I’ve been saying for months I would share one of my Bliss Ball Recipes. Sure you can troll the internet and find a recipe or two but if you’re looking for a protein power ball that can see you through a nausea time in your pregnancy, long labor, or long breastfeeding session, this one is one of my favorites from the Salt Spring Experience. The Cardamom aids nausea, and after babe it is helpful for digestion and elimination. The Tahini is high in vitamin E and Calcium and the Chocolate…well, we all need a sugar spike sometimes.
From my Kitchen to yours- I give you
1/2 cup almonds
1/2 cup raisins
1/2 cup tahini
1/4 cup honey
2 tsp cinnamon
2 tsp cardamom
1/2 cup chocolate chips
1/3 cup grated coconut
1. Grind the almonds fine in a food processor
2. Add the raisins and grind until they’re chopped up
3. Add the tahini, honey, cinnamon, and cardamom, and blend until everything is well mixed.
4. Empty the mixture into a mixing bowl, and hand mix the chocolate chips in.
5. Put the coconut into a shallow bowl or a plate.
6. Form balls form the mixture, roll them in the coconut, and arrange them on a platter.
7. Keep them refrigerated.
Bon Appetit, Bon Birthing and Bon B-Feeding
This morning I experienced something I likely should have started three years ago when I first ventured out in labor support….a gathering of the families I have had the honor and privilege to work for and with.
It happens, we labor support people meet the families, get to know them, join them start to finish for one of the most intense day (or days) of their life…and then we leave. We may have one to two visits with you to see how the family unit is getting on, assist with breastfeeding, but…then we do the sad job of leaving you to become your own family.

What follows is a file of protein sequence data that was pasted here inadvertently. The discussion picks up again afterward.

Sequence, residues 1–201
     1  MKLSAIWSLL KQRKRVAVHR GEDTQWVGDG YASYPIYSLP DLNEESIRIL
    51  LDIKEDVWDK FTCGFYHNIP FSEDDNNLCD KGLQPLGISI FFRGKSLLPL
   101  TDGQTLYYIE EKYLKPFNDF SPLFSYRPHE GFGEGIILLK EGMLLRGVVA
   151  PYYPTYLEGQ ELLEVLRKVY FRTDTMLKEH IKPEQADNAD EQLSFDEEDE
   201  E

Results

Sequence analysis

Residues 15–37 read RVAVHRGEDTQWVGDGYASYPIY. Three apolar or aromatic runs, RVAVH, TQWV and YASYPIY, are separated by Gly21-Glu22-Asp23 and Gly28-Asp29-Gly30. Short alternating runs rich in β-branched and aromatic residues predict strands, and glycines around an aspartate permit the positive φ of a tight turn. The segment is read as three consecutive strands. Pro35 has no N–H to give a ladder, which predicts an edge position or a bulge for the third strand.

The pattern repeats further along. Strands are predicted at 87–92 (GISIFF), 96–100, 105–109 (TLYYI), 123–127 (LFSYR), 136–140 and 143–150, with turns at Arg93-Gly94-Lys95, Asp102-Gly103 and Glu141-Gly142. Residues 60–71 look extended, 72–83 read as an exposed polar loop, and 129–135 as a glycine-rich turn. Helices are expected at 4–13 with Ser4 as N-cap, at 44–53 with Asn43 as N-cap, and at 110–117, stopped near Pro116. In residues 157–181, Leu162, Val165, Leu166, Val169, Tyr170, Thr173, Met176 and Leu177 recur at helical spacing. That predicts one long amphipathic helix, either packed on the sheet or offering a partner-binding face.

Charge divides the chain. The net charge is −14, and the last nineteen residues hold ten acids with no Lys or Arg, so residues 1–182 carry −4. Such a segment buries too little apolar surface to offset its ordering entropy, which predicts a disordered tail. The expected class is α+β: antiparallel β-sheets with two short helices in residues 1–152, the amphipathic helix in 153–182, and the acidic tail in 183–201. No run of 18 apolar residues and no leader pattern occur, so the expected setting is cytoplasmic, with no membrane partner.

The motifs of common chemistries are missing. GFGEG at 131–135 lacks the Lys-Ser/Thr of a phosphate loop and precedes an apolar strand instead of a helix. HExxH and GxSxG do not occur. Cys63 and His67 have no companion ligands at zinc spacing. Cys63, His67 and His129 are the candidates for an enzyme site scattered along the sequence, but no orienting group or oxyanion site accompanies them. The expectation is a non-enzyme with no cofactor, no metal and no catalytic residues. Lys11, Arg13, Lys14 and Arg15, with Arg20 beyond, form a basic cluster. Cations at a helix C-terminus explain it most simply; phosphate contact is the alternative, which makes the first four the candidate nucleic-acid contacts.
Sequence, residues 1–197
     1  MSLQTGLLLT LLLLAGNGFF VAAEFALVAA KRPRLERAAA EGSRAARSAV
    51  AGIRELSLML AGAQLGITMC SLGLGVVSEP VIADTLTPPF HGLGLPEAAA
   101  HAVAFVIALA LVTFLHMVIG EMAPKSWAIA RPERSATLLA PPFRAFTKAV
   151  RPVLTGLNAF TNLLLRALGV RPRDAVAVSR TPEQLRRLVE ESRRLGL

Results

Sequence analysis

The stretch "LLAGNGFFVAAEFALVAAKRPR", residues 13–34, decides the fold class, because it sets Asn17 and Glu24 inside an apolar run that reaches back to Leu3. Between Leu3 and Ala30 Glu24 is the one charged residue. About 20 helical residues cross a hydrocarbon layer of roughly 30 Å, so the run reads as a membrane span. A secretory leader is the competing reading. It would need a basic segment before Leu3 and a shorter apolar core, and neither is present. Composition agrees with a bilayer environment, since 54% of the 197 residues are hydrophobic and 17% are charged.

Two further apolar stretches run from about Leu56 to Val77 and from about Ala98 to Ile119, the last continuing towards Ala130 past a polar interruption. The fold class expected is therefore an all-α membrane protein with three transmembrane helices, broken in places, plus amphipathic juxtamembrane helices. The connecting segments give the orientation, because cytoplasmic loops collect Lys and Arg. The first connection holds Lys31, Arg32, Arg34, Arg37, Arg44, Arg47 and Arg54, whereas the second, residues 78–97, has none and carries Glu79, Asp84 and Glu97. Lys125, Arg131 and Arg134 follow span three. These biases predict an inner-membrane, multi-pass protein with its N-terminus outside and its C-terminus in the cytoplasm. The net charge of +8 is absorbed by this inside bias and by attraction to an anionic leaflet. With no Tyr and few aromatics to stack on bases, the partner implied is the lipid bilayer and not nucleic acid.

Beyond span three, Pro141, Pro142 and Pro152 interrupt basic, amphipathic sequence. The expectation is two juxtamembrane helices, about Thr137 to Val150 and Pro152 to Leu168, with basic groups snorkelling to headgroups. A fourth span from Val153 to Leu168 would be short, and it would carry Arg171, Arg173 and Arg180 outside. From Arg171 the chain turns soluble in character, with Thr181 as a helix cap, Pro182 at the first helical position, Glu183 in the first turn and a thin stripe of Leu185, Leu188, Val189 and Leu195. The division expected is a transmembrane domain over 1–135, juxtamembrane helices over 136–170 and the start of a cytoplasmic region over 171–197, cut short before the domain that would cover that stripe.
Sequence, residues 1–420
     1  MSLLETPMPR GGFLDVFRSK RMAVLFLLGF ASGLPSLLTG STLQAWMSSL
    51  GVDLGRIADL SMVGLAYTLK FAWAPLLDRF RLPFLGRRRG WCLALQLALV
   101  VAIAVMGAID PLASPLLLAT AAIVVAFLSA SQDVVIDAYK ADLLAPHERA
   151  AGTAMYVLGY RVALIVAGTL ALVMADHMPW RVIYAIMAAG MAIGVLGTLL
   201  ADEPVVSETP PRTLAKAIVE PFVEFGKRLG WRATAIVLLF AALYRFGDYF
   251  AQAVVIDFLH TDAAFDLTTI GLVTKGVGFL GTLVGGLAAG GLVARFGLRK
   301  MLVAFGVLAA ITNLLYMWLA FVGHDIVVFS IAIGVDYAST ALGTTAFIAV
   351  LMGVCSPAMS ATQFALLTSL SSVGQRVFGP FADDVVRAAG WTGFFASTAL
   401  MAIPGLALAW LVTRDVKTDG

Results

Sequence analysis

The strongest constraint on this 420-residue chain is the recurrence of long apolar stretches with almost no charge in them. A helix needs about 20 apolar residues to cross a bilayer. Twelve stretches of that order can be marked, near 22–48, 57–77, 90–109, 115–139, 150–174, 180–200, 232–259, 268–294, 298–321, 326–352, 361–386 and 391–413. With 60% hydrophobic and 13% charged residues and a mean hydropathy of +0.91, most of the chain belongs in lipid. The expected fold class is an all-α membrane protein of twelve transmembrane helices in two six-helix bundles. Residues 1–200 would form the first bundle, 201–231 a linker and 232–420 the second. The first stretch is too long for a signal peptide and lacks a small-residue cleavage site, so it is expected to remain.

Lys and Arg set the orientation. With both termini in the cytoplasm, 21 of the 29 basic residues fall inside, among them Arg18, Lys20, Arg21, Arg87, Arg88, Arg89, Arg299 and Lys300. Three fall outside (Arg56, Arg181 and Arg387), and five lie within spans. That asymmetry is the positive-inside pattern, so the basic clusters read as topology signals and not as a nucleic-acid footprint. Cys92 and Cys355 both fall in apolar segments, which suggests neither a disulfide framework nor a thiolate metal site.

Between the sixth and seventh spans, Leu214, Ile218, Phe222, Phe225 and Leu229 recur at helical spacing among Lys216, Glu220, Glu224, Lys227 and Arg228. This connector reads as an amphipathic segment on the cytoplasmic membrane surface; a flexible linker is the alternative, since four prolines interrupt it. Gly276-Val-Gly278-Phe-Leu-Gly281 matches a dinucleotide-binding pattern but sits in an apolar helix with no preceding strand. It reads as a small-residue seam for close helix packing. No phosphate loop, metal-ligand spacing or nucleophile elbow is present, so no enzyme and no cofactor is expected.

We are trained in letting go, leaving you to flourish as parents. But we think of you. We think of a moment we might have shared with you that is forever etched on our life’s template. Like when you look at us and say something like “ I just want to see the series of Breaking Bad before I have this baby,” or when you look at us and say “ Holy S*it, I’m a mum, what’s up with that?” For me, it’s those memories that make me chuckle in the aisle of the grocery store. You’re like a high school boyfriend that makes me smile for no reason….just at the thought.
So, I couldn’t in good faith let another year pass without seeing your breath-taking babies and you again. You, parents, need to know that you are what makes my work thrive. I believe I was meant to work with each family that chooses me. Because you chose me, my life is richer; because you choose me I don’t scowl at my phone when it rings in the night…instead I smile and think “ Here’s another woman, or family I’m gonna love even more after the next 24 hours passes, I’m about to get a lot more connected to what loving your purpose and work is.”